Two new supernovae for amateur telescopes are keeping things lively this month!
My gosh, the sky is so busy with comets right now, do we really need a bunch of distracting supernovae?
Yes! Good fortune has delivered two exploding stars to the evening sky, one a faint supernova in a bright galaxy and the other a bright supernova in a faint galaxy.
On the Rise
Let's start with SN 2020jfo since M61 is a bright, familiar face in the Virgo cluster. The supernova is located 66″ west and 29″ north of the nucleus, about 40″ due north of a similarly bright foreground star. When discovered on May 6th, it glowed meekly at magnitude 14.7, climbing to 14.3 by the 10th. Because the explosion was caught early on the object will likely continue to brighten in the coming weeks. Daniel Perley (Liverpool John Moores University, UK) and team took spectra of the new object, suggesting in a recent AstroNote that it's a "young Type II supernova" caught about 7 days before its peak brightness.
The supernova is far from M61's blazing nucleus, gleaming bright and free in the galactic countryside. That makes it relatively easy to see compared to supernovae shrouded in the starry haze of their galaxies' cores. A 10-inch scope under dark skies should be able to handle this one. If it rises an additional magnitude, an 8-inch will do.
M61 itself is a beautiful barred spiral located about 52 million light-years away with a pinwheel of nebula-flecked arms and a bright, non-stellar core. It's also a starburst galaxy with an exceptionally high rate of star formation. Short-lived supergiant stars hatched within its myriad nebulae provide the fodder for regular supernovae. We've been enjoying the fireworks since the first supernova blew up here in 1926. Seven more followed in 1961, 1964, 1999, 2006, 2008, 2014 and now in 2020.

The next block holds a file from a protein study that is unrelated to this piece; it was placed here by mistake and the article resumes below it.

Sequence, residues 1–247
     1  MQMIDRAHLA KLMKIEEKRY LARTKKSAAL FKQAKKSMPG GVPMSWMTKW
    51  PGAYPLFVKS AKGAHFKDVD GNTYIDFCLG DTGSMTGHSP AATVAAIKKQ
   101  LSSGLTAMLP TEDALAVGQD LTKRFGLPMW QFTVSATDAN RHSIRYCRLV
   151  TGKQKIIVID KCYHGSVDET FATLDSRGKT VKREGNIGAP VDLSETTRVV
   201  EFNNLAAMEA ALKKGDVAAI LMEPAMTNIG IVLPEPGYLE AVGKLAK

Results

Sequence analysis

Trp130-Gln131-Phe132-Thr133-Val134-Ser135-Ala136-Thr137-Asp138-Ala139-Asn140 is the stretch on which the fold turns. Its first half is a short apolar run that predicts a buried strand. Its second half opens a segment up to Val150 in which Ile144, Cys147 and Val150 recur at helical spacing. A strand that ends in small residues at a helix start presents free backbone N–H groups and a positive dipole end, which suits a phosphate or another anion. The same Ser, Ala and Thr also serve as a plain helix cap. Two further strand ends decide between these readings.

Type II supernovae like 2020jfo involve the sudden and violent collapse of a supergiant star when its nuclear fuel gas tank hits empty. With no heat and pressure in the core to battle back the crushing hand of gravity, the star implodes. The infall rebounds at the core, creating a shock wave of such ferocity that it rips through the star and blows it to bits in a titanic explosion 100 million times brighter than the Sun. No wonder we can see these things in our backyard telescopes!
SN 2020hvf was discovered in the 14th-magnitude galaxy NGC 3643 in southern Leo on April 21st by the ATLAS Project, the same group that successfully spotted two comets in the spring sky. Located 21.9″ east and 2.7″ north of the galactic nucleus, the supernova was initially faint — only magnitude 15.5. But by early May it had climbed to magnitude 12.5, outshining not just the core but the entire galaxy! While NGC 3643 is only a faint, 13.5-magnitude smudge, its supernova absolutely rocks.
Supernova 2020hvf is a Type Ia event, where a white dwarf accretes matter from a nearby companion star until it exceeds the Chandrasekhar Limit (1.4 solar masses). The additional weight and pressure of the stolen material initiates runaway nuclear fusion within the dwarf and boom! — it explodes as a supernova. Type Ia supernovae are typically more luminous than Type IIs.
With no Moon to brighten the evening sky, the next two weeks are ideal for observing these new guest stars. How sweet life is to witness a catastrophic event in a distant galaxy and then return home to sleep soundly on a soft bed.